Paving the way for flexible electronics, engineers have developed a plastic electrode that stretches like rubber but carries electricity like wires.
Using an electric field, researchers drew magnetic designs in nonmagnetic material. These efforts could lead to new types of storage devices.
Computer simulations by SLAC physicists show how light pulses can create channels that conduct electricity with no resistance in some atomically thin semiconductors.
Scientists at Stanford and SLAC use diamondoids – the smallest possible bits of diamond – to assemble atoms into the thinnest possible electrical wires.
SLAC experiments demonstrate a new way to access valence electrons, which are important in forming chemical bonds and determine many of a material’s properties.
Award honors accomplishments in condensed matter physics and electrochemistry at SSRL.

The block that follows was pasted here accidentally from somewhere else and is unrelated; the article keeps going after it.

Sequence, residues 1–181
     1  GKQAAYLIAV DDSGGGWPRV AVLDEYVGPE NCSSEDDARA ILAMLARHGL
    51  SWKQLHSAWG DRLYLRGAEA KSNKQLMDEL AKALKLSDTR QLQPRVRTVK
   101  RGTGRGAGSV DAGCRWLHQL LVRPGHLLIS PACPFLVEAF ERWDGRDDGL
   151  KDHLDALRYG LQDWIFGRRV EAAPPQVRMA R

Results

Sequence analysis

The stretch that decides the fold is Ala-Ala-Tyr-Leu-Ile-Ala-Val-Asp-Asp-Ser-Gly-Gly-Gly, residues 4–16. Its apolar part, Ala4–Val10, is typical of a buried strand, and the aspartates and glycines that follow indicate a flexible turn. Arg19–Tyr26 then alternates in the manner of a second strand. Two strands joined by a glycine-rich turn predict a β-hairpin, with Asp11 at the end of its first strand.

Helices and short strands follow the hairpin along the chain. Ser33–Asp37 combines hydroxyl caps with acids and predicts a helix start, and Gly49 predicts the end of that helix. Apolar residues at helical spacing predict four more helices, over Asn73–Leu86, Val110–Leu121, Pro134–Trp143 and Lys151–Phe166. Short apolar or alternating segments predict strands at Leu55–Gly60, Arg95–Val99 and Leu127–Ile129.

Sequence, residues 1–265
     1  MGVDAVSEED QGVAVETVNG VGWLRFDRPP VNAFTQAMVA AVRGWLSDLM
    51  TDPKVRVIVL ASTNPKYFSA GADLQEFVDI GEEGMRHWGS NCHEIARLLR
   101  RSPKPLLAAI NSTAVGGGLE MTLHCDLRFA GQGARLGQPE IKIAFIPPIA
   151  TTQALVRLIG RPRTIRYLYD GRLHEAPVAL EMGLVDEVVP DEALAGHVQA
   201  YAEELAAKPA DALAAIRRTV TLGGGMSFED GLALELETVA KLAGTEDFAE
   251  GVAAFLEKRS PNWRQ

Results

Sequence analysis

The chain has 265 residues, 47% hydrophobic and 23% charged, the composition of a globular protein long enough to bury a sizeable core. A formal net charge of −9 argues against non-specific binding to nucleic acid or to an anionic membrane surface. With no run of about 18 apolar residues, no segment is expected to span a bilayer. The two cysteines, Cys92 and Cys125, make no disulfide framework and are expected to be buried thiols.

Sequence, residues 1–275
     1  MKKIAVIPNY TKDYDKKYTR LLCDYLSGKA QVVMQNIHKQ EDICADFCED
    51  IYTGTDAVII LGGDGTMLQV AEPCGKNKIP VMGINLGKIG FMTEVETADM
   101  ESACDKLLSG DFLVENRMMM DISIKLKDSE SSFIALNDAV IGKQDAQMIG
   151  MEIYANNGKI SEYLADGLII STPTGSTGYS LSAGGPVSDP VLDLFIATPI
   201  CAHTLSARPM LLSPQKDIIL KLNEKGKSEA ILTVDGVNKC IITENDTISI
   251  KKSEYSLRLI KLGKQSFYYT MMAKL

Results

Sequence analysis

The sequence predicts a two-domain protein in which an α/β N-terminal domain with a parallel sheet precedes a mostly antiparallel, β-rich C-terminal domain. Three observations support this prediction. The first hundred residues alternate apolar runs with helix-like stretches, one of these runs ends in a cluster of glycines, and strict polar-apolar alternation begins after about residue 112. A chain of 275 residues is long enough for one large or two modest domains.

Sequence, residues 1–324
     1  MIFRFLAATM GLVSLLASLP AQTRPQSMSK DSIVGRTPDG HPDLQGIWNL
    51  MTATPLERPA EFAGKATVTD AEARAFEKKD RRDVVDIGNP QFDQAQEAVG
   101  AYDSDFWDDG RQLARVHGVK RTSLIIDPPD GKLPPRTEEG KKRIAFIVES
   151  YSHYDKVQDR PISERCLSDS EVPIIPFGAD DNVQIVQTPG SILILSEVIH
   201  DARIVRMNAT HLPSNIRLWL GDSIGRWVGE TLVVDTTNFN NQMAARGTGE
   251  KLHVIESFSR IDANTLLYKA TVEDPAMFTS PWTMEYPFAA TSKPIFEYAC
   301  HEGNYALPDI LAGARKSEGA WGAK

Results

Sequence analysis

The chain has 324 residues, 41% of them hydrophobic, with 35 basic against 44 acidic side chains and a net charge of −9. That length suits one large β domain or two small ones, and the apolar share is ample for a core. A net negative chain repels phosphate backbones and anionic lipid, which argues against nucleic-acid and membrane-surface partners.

Understanding how a material’s electrons interact with vibrations of its nuclear lattice could help design and control novel materials, from solar cells to high-temperature superconductors.
The goal of the DuraMat consortium is to make solar modules last longer, and thus drive down the cost of solar energy.
Researchers have engineered a low-cost plastic material that could become the basis for clothing that cools the wearer, reducing the need for energy-consuming air conditioning.
Liu acknowledged for wide-ranging work in energy materials, catalysis, carbon sequestration, material in extreme conditions and scientific big data mining.